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The Feeding Habits of Nessie
by
Richard Carter
If we could find the answer to two questions relating to the Loch Ness Monster we would probably be able to solve the mystery in a relatively short time. The questions would be what does the creature eat and how.
Answering these questions we would know where to concentrate the search and give us an idea of what we are looking for.
Could Nessie live on zoo-plankton as there are large quantities of this in the Loch, more concentrated at the northern end? I suppose the biggest argument against this is that most zoo-plankton eaters like the basking shark and other members of the whale family have gills that enable them to sift zoo-plankton just by swimming around. This of course goes against all the sightings when they are seen to be chasing fish around. Fish would be the obvious food source for any creature living in Loch Ness, but when we look at the fish counts done on the loch they vary from 1 ton to 27 tons. The Discovery Channel estimated 1 ton of fish in the loch. This was a very misleading figure as they could only trawl the centre of the Loch to a depth of 100 feet. The Loch Ness Project estimates around 27 tons of fish in the loch, but this does not include the eel population.
A new approach by the Loch Ness Project is to study the zoo-plankton then calculate how much fish it could support using known feeding diets of the lochs fish life.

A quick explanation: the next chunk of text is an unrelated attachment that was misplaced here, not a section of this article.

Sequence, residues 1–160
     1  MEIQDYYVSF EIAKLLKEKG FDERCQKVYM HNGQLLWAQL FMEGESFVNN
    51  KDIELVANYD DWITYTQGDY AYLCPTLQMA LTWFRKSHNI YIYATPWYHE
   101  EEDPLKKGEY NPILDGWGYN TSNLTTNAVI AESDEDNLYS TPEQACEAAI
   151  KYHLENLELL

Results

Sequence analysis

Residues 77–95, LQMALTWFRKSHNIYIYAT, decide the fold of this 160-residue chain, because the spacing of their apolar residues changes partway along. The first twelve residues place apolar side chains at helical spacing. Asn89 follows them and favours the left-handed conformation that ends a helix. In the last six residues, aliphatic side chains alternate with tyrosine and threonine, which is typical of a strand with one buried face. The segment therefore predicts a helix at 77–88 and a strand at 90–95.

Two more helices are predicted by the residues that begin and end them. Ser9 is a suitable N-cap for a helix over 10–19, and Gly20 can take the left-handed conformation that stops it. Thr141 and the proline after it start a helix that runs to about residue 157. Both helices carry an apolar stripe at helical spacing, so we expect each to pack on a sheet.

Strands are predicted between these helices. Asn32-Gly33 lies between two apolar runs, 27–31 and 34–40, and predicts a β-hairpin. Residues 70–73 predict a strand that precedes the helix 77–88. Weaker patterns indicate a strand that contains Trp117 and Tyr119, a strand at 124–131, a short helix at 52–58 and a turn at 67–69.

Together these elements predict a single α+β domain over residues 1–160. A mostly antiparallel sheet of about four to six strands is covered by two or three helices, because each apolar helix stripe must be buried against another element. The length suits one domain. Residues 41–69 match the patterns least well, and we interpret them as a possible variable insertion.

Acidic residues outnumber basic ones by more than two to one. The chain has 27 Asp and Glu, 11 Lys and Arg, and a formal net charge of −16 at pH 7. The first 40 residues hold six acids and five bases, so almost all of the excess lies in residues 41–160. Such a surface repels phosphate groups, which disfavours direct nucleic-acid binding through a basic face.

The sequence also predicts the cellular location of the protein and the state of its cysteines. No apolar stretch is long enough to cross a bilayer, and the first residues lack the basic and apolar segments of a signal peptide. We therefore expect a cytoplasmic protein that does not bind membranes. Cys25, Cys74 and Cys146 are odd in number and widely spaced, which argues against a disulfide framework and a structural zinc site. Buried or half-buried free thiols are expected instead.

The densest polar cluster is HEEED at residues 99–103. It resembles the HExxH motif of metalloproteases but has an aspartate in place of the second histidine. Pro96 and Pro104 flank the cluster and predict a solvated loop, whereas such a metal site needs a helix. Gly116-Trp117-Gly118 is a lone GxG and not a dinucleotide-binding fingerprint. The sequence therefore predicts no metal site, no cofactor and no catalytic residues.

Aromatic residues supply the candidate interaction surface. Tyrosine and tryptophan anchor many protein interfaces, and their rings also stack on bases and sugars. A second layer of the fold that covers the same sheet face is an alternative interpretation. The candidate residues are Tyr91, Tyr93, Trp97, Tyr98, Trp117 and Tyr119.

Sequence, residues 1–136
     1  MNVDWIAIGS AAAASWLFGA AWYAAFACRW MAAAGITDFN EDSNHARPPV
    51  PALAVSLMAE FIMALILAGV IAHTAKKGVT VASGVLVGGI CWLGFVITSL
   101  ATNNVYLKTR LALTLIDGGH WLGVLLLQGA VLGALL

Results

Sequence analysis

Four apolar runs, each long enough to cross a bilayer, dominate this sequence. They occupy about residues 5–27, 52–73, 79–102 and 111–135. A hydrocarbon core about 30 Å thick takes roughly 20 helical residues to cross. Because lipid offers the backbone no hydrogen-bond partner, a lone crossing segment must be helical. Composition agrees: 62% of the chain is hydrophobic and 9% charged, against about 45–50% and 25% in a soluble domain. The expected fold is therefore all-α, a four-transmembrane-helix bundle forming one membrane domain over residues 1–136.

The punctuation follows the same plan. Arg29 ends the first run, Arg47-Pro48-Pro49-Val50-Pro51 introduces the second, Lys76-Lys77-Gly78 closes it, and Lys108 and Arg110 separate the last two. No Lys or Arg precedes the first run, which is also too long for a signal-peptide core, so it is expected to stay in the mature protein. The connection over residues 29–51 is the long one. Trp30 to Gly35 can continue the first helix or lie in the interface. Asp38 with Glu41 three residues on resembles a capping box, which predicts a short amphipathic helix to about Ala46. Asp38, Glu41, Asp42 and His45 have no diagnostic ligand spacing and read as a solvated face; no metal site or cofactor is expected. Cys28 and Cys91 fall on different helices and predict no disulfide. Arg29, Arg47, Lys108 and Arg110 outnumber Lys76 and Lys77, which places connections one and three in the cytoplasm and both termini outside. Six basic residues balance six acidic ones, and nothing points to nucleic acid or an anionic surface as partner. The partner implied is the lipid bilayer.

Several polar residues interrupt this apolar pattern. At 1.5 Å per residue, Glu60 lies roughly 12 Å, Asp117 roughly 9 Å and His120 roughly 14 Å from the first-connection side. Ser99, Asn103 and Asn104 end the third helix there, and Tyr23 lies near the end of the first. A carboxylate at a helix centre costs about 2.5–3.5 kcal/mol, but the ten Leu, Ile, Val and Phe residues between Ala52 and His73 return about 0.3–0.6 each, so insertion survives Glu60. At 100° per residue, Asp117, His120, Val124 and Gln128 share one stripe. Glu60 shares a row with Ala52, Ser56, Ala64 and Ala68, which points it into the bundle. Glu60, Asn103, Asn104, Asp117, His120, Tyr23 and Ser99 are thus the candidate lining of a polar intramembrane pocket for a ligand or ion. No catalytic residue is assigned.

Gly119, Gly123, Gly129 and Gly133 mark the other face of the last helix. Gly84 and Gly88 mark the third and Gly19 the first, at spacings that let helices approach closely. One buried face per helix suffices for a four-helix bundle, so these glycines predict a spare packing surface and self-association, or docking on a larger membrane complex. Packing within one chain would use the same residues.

So, if Nessie feeds on fish then she must feed in the top 15 feet of water using natural light or her eyes could be like owls which contain more cones than rods which collect as much light as possible. Below this level she would need some other form of detection to catch her prey. This could be the use of lateral lines which fish use to shoal and detect attack by predators.
The amblyopsis cave fish of Central America not only have lateral lines but have exposed neuromasts, the hair like projections which are extremely sensitive to low frequency vibrations, on their heads and bodies. With this system, Nessie could catch her food and live in complete darkness. Of course she could just sit at the river mouths and feed on the salmon who must wait for the river temperature to reach around 40 degrees fahrenheit so they can move up stream to their spawning grounds. Nessie of course could be nocturnal and again either system could apply.
The other form of detection could be the use of sonar like members of the Dolphin family use, but I feel that with the amount of sonar work carried out on Loch Ness, she would have been heard by now. The hydrophone has been used on Loch Ness and in the early 1970's strange noises were recorded, but no results have been published as to what they may have been. I tried a hydrophone on the Loch, but without any luck I'm afraid. I think it would be interesting to station one in Urquhart Bay, one at Invermoriston and another at Fort Augustus and leave them for a month just to see if any strange noises can be picked up from these sites.
Hopefully one day if a sponsor steps in or some combined effort can be made, we may be able to try this


Robert Rines
Robert Rines (continued)
Tim Dinsdale
Richard Carter
Nessie Lookalikes by Richard Carter
Map of Loch Ness

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April 1999
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